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I have a text file called entry.txt that contains the following:

[ entry1 ]
1239 1240 1242 1391 1392 1394 1486 1487 1489 1600
1601 1603 1657 1658 1660 2075 2076 2078 2322 2323
2325 2740 2741 2743 3082 3083 3085 3291 3292 3294
3481 3482 3484 3633 3634 3636 3690 3691 3693 3766
3767 3769 4526 4527 4529 4583 4584 4586 4773 4774
4776 5153 5154 5156 5628 5629 5631
[ entry2 ]
1239 1240 1242 1391 1392 1394 1486 1487 1489 1600
1601 1603 1657 1658 1660 2075 2076 2078 2322 2323
2325 2740 2741 2743 3082 3083 3085 3291 3292 3294
3481 3482 3484 3690 3691 3693 3766 3767 3769 4526
4527 4529 4583 4584 4586 4773 4774 4776 5153 5154
5156 5628 5629 5631
[ entry3 ]
1239 1240 1242 1391 1392 1394 1486 1487 1489 1600
1601 1603 1657 1658 1660 2075 2076 2078 2322 2323
2325 2740 2741 2743 3082 3083 3085 3291 3292 3294
3481 3482 3484 3690 3691 3693 3766 3767 3769 4241
4242 4244 4526 4527 4529 4583 4584 4586 4773 4774
4776 5153 5154 5156 5495 5496 5498 5628 5629 5631

I would like to split it into three text files: entry1.txt, entry2.txt, entry3.txt. Their contents are as follows.

entry1.txt:

[ entry1 ]
1239 1240 1242 1391 1392 1394 1486 1487 1489 1600
1601 1603 1657 1658 1660 2075 2076 2078 2322 2323
2325 2740 2741 2743 3082 3083 3085 3291 3292 3294
3481 3482 3484 3633 3634 3636 3690 3691 3693 3766
3767 3769 4526 4527 4529 4583 4584 4586 4773 4774
4776 5153 5154 5156 5628 5629 5631

entry2.txt:

[ entry2 ]
1239 1240 1242 1391 1392 1394 1486 1487 1489 1600
1601 1603 1657 1658 1660 2075 2076 2078 2322 2323
2325 2740 2741 2743 3082 3083 3085 3291 3292 3294
3481 3482 3484 3690 3691 3693 3766 3767 3769 4526
4527 4529 4583 4584 4586 4773 4774 4776 5153 5154
5156 5628 5629 5631

entry3.txt:

[ entry3 ]
1239 1240 1242 1391 1392 1394 1486 1487 1489 1600
1601 1603 1657 1658 1660 2075 2076 2078 2322 2323
2325 2740 2741 2743 3082 3083 3085 3291 3292 3294
3481 3482 3484 3690 3691 3693 3766 3767 3769 4241
4242 4244 4526 4527 4529 4583 4584 4586 4773 4774
4776 5153 5154 5156 5495 5496 5498 5628 5629 5631

In other words, the [ character indicates a new file should begin. The entries ([ entry*], where * is an integer) are always in numerical order and are consecutive integers starting from 1 to N (in my actual input file, N = 200001).

Is there any way I can accomplish automatic text file splitting in bash? My actual input entry.txt actually contains 200,001 entries.

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11 Answers 11

up vote 10 down vote accepted

And here's a nice, simple, gawk one-liner :

$ gawk '/^\[/{match($0, /^\[ (.+?) \]/, k)} {print >k[1]".txt" }' entry.txt

This will work for any file size, irrespective of the number of lines in each entry, as long as each entry header looks like [ blahblah blah blah ]. Notice the space just after the opening [ and just before the closing ].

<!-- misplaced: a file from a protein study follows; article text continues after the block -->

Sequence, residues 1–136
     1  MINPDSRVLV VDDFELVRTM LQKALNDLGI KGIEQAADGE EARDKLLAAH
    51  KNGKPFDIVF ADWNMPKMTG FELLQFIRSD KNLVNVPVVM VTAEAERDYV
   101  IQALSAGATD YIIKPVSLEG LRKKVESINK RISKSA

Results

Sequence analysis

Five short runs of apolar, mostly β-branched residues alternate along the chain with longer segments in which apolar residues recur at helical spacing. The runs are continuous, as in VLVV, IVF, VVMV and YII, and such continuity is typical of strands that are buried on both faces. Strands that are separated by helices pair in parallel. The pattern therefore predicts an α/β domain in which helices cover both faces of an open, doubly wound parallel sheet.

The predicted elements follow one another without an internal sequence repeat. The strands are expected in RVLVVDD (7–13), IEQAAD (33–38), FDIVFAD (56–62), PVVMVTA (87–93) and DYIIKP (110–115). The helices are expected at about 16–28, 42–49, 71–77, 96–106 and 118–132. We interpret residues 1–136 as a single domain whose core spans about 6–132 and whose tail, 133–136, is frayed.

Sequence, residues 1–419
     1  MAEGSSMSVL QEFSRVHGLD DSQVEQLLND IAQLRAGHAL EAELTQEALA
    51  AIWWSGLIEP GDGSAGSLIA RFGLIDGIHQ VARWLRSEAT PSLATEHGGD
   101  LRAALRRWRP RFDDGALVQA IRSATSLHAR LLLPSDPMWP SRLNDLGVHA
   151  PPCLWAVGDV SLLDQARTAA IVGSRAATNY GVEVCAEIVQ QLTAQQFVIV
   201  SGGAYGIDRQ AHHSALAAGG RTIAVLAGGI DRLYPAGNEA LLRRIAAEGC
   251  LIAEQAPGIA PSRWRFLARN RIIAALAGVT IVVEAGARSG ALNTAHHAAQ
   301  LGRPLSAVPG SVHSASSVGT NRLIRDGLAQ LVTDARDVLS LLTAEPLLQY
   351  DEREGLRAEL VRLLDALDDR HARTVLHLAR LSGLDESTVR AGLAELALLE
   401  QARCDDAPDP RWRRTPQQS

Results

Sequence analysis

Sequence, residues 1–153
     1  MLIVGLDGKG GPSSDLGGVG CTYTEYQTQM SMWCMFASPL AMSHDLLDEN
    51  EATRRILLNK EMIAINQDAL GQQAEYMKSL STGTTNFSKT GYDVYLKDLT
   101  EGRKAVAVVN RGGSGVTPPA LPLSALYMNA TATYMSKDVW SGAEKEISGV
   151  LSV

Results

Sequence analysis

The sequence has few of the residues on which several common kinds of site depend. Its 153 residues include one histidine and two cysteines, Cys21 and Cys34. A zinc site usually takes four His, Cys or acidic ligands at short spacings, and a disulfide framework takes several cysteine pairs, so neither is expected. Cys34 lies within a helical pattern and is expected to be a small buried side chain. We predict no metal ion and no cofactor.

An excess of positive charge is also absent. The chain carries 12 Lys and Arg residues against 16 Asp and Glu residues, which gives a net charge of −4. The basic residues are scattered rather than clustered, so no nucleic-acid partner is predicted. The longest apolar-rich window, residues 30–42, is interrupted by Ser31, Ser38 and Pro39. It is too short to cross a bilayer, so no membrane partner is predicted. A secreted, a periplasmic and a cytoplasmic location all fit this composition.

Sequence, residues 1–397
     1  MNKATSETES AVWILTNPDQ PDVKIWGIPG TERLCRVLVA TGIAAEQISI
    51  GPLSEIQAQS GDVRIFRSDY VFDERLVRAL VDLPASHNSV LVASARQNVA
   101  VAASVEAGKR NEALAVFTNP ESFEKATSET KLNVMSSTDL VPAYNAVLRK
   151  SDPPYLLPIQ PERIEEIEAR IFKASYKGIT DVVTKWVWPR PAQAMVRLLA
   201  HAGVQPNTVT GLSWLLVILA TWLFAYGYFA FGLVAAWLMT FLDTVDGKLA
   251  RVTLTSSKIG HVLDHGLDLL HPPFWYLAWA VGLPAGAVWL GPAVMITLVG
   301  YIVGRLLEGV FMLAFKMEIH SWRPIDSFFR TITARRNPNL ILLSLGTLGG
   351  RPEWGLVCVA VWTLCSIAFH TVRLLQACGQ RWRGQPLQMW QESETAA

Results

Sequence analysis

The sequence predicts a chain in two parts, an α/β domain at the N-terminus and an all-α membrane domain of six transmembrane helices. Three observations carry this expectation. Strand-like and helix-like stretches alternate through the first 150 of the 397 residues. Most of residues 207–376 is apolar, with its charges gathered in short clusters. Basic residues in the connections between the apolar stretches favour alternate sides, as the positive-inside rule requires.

EXPLANATION:

awk and gawk read an input file line by line. As each line is read, its contents are saved in the $0 variable. Here, we are telling gawk to match anything within square brackets, and save its match into the array k.

So, every time that regular expression is matched, that is, for every header in your file, k[1] will have the matched region of the line. Namely, "entry1", "entry2" or "entry3" or "entryN".

Finally, we print each line into a file called <whatever value k currently has>.txt, ie entry1.txt, entry2.txt ... entryN.txt.

This method will be much faster than perl for larger files.

share|improve this answer
    
+1 nice. You do not need to match the entry: /^\[/ { name=$2 } should be enough. –  Thor Aug 26 '12 at 1:51
    
Thanks @Thor. Your suggestion is correct for the described case, but it assumes there is never a space in the entry's name. That is why I used the example [ blahblah blah blah ] in my answer. –  terdon Aug 26 '12 at 13:20
    
Ah I missed the bit about space separated entries. You could also accommodate those with FS, e.g. -F '\\[ | \\]'. –  Thor Aug 26 '12 at 13:50
    
@terdon I really like this short solutions, unfortunately I usually fail to generalize them to my needs. Could you give me a hand? My file has lines starting with #S x, where x is a 1, 2, or 3 digit number. Just saving them into x.dat would suffice. I tried: gawk '/^#S/{match($0, / [0-9]* /, k)} {print >k[1]".dat" }' myFile.txt and some variations of that. –  mikuszefski 2 days ago
    
Got it gawk '/^#S/{match($0, /^#S (\s+?)([0-9]+)(\s+?)/, k)} {print >k[2]".txt" }' test.txt did the trick. Don't understand the array number 2 very well, though. –  mikuszefski yesterday

With csplit from GNU coreutils (non-embedded Linux, Cygwin):

csplit -f entry -b '%d.txt' entry.txt '/^\[ .* \]$/' '{*}'

You'll end up with an extra empty file entry0.txt (containing the part before the first header).